Advertisement

Horticulture, Environment, and Biotechnology

, Volume 53, Issue 5, pp 415–420 | Cite as

In vitro propagation of myco-heterotrophic Gastrodia elata

  • Eung-Jun Park
  • Wi Young Lee
  • Jin Kwon Ahn
Research Report Tissue Culture/Biotechnology

Abstract

Gastrodia elata must establish symbiotic associations with different compatible fungi at seed germination and during vegetative growth. One of the major problems associated with its field production is the degeneration of tubers, which is mainly caused by multiple regeneration via vegetative propagation using immature tubers. To overcome this problem, an in vitro asexual propagation method via artificial pollination was developed. Seeds were first germinated on medium containing a leaf-disc from four different Quercus species, previously infected with Mycena osmundicola. Among the four species tested, Q. acutissima was determined to be the best organic resource and the germination rate reached up to 40.4% when a leaf-disc (2 × 2 cm) was provided. Subsequent infection with Armillaria mellea allowed the protocorms to further develop into immature tubers, which can be directly used for field production. In this study, we established an in vitro symbiotic propagation system of G. elata, which might be an efficient way to prevent degeneration of G. elata tubers and the reduction of yield in the field.

Additional key words

achlorophyllous orchid Armillaria melle Mycena osmundicola symbiotic propagation 

Preview

Unable to display preview. Download preview PDF.

Unable to display preview. Download preview PDF.

Literature Cited

  1. Bidartondo, M.I. 2005. The evolutionary ecology of myco-heterotrophy. New Phytol. 167:335–352.PubMedCrossRefGoogle Scholar
  2. Bidartondo, M.I. and T.D. Bruns. 2001. Extreme specificity in epiparasitic Monotropoideae (Ericaceae): Widespread phylogenetic and geographical structure. Mol. Ecol. 10:2285–2295.PubMedCrossRefGoogle Scholar
  3. Chang, H.M. and P.H. But. 1986. Pharmacology and application of Chinese materia medica, Vol. 1. World Scientific, Singapore.Google Scholar
  4. Clements, M.A., H. Muir, and P.J. Cribb. 1986. A preliminary report on the symbiotic germination of European terrestrial orchids. Kew. Bull. 41:437–445.CrossRefGoogle Scholar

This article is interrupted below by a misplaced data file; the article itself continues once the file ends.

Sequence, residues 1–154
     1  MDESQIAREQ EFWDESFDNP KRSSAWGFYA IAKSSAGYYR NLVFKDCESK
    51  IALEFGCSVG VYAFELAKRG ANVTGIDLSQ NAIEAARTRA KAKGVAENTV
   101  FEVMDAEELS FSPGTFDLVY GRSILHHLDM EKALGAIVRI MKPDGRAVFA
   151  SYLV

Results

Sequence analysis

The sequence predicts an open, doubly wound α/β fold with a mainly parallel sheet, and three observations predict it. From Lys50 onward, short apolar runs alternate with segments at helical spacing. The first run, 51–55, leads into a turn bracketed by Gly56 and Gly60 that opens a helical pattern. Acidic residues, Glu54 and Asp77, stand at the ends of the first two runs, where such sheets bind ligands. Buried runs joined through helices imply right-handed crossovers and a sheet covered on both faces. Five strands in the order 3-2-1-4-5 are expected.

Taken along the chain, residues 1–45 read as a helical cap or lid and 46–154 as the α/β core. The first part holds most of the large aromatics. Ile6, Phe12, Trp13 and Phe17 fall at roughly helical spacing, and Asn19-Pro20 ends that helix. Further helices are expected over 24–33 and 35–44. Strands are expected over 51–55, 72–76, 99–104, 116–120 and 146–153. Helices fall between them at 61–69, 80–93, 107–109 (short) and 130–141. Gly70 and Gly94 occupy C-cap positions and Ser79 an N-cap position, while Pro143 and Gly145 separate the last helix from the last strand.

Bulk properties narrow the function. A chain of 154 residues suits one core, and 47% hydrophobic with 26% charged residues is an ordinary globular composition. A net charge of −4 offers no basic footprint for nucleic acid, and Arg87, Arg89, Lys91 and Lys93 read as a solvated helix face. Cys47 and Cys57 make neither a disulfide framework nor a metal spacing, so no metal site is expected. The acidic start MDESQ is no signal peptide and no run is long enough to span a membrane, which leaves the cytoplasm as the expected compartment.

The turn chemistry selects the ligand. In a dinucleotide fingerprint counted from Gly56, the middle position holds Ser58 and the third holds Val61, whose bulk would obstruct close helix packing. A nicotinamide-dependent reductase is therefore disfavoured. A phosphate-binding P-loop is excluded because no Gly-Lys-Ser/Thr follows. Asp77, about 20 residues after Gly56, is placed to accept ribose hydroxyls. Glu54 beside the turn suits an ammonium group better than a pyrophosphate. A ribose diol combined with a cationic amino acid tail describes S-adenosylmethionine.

5. Huang, Z.L. 1985. Pharmacologic studies and clinical applications of Gastrodia elata Bl. J. Modern Develop. Trad. Media 5:251–254.Google Scholar
  6. Kikuchi, G., M. Higuchi, H. Yoshimura, T. Morota, and A. Suzuki. 2008. In vitro symbiosis between Gastrodia elata Blume (Orchidaceae) and Armillaria Kummer (Tricholomataceae) species isolated from the orchid tuber. J. Jap. Bot. 83:77–87.Google Scholar
  7. Kikuchi, G., M. Higuchi, T. Morota, E. Nagasawa, and A. Suzuki. 2008. Fungal symbiont and cultivation test of Gastrodia elata Blume (Orchidaceae). J. Jap. Bot. 83:88–95.Google Scholar
  8. Kim, Y.I., K.J. Chang, K.H. Ka, H. Hur, I.P. Hong, J.O. Shim, T.S. Lee, J.Y. Lee, and M.W. Lee. 2006. Seed germination of Gastrodia elata using symbiotic fungi, Mycena osmundicola. Mycobiology 34:79–82.CrossRefGoogle Scholar
  9. Kusano, S. 1911. Gastrodia elata and its symbiotic association with Armillaria mellea. Imperial Univ. Tokyo J. College Agr. 4:1–65.Google Scholar
  10. Leake, J.R. 1994. The biology of myco-heterotrophic (’saprophytic’) plants. New Phytol. 127:171–216.CrossRefGoogle Scholar
  11. Leake, J.R. 2005. Plants parasitic on fungi: unearthing the fungi in myco-heterotrophys and debunking the ’saprophytic’ plant myth. Mycol. 19:113–122.Google Scholar
  12. Liu, H., C. Feng, Y.B. Luo, B.S. Chen, Z.S. Wang, and H.Y. Gu. 2010. Studies of mycorrhizal fungi of Chinese orchids and their role in orchid conservation in China A review. Bot. Rev. 76: 241–262.CrossRefGoogle Scholar
  13. McKendrick, S.L., J.R. Leake, D.L. Taylor, and D.J. Read. 2000. Symbiotic germination and development of myco-heterotrophic plants in nature: Ontogeny of Corallorhiza trifida and characterization of its mycorrhizal fungi. New Phytol. 145:523–537.CrossRefGoogle Scholar
  14. Rasmussen, H.N. 1995. Terrestrial orchids from seed to mycotrophic plant. Cambridge University Press, Cambridge.CrossRefGoogle Scholar
  15. Rasmussen, H.N. and F.N. Rasmussen. 2009. Orchid mycorrhiza: Implications of a mycophagous life style. Oikos 118:334–345.CrossRefGoogle Scholar
  16. Smith, S.E. and D.J. Read. 1997. Mycorrhizal symbiosis. 2nd ed. Academic Press, San Diego.Google Scholar
  17. Umata, H. 1997. Formation of endomycorrhizas by an achlorophyllous orchid, Erythrorchis ochobiensis, and Auricularia polytricha. Mycoscience 38:335–339.CrossRefGoogle Scholar
  18. Yagame, T., M. Yamato, M. Mii, A. Suzuki, and K. Iwase. 2007. Developmental processes of achlorophyllous orchid, Epipogium roseum: Form seed germination to flowering under symbiotic cultivation with mycorrhizal fungus. J. Plant Res. 120:229–236.PubMedCrossRefGoogle Scholar
  19. Xu, J.T. and S.X. Guo. 2000. Retrospect on the research of the cultivation of Gastrodia elata Bl, a rare traditional Chinese medicine. Chin. Med. J. 113:686–692.PubMedGoogle Scholar
  20. Xu, J.T. and S.X. Guo. 1991. The relationship of nutrient between Gastrodia elataMycena osmundicola and Armillaria mella and its application in the cultivation. J. Med. Res. 1:31–32.Google Scholar
  21. Zou, N., X. Bai, J. Lv, J. Yang, G. Xu, and D. Sun. 2010. Study on symbiotic mechanism between Gastrodia elata Blume and Armillaria mellea in tissue culture system. Medicinal Plant 1:91–92.Google Scholar

Copyright information

© Korean Society for Horticultural Science 2012

Authors and Affiliations

  1. 1.Department of Forest Genetic ResourcesKorea Forest Research InstituteSuwonKorea

Personalised recommendations